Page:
Lloydminster has the particularity of straddling between Alberta and Saskatchewan. You literally can change provinces by crossing a street.
So it’s no surprise that Ron Kelly has been looking at both provinces’ programs to find subsidies to train two existing employees so they could get their Class 1 licence and perform broader functions at Border City Concrete (BCC), the excavation, aggregate and concrete delivery company he manages there.
In the end, he found the solution through Trucking HR Canada’s Career ExpressWay program, which offers up to $10,000 per person to get their Class 1 licence training.
“With the federal program, it was only one party and I could do multiple things with it,” Kelly says.
The first employee who obtained the professional driver training was an equipment operator. Now that he has his Class 1, he doesn’t need a colleague to move his equipment around anymore and he can also haul gravel. “It opened up a lot of opportunities for him,” Kelly says.
The other had a Class 3 licence before the Career ExpressWay experience, which allowed him to do some trucking jobs. “But he was missing out on a lot of the long hauls and the bigger jobs because he didn’t have his Class 1,” Kelly notes.
“These are individuals who couldn’t afford it on their own. Having the subsidy really helped have these two individuals more engaged within the company and for the company to be more successful, for sure,” he says, underlining that Trucking HR Canada’s subsidies covered 100% of the training fees.
Kelly mentioned that Career ExpressWay has allowed him to do “multiple things”, referring to the fact that, in addition to the two drivers’ training, he hired an apprentice mechanic by using the Employer Wage Support for Youth program, which paid the first $10,000 of the young man’s wages.
“Times are a little different right now than they were maybe five or six years ago. Everyone’s watching their pennies and their cents. So hire a new guy and train him for a brand new role and get some help right off the bat to get him going until they can do more work on their own is really nice,” Kelly says about Trucking HR Canada’s financial support.
And managing the program was pretty simple for BCC. “Dealing with Trucking HR Canada I found was very easy; they responded quickly and they are courteous. They helped me through things when I had questions and we got things done pretty quick,” Kelly says.
Young and willing to work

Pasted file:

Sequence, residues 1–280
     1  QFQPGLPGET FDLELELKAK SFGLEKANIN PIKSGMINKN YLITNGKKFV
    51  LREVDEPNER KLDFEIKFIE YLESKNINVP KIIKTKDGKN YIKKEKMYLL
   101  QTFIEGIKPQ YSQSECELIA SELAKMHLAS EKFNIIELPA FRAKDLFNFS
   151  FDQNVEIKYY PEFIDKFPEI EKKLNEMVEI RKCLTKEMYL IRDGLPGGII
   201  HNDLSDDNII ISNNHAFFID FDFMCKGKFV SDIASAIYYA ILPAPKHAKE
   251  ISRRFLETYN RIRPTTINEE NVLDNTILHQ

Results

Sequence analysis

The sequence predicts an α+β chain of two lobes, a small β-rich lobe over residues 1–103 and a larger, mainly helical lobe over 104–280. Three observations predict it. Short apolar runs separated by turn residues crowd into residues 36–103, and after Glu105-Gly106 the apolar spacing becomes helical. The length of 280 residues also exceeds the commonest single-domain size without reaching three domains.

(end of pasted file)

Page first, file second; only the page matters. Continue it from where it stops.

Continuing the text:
20 year-old Nicholas Wenger is the apprentice mechanic BCC hired for its Paradise Hill (SK) Hardy Services division. Nicholas’ dad, Leon, has been a truck driver for as long as he can remember, so he was exposed to trucking at an early age.
Yet, his real passion is mechanics and there’s plenty for him to do at BCC since construction applications can be hard on trucks and heavy machinery. He enjoys the variety of tasks he’s performing. “They’re really good in getting me to all sorts of jobs and getting me familiar with as many things as possible,” Wenger says about his employer.
Wenger is eager to make a career in the trucking and logistics sector. “I’m really enjoying it so far. I can see myself going along this route for years to come, for sure,” he says.
That’s certainly music to Kelly’s ears. “Getting the additional new hire wage support subsidy helps to offset some of the training costs. It gives us the opportunity to hire local, to hire someone who’s young, keen, willing to work, willing to learn and to grow within our company,” he says.
Kelly adds that he’s pleased by young workers on different aspects, including their ease with technology. “Things are getting to be more digital and that helps out through the company when you start to use more application programs for safety, pre-trips or time sheets. It’s nice to have that younger workforce to guide some of the more senior guys,” he says, insisting on the importance of building partnerships with young workers.
Not only would Kelly repeat the Career ExpressWay experience, he’s spreading the word about it to other companies. “I’ve recommended it because I thought it was a good way to get younger involvement and to help companies with some of their staffing shortages. It’s a great program,” he concludes.
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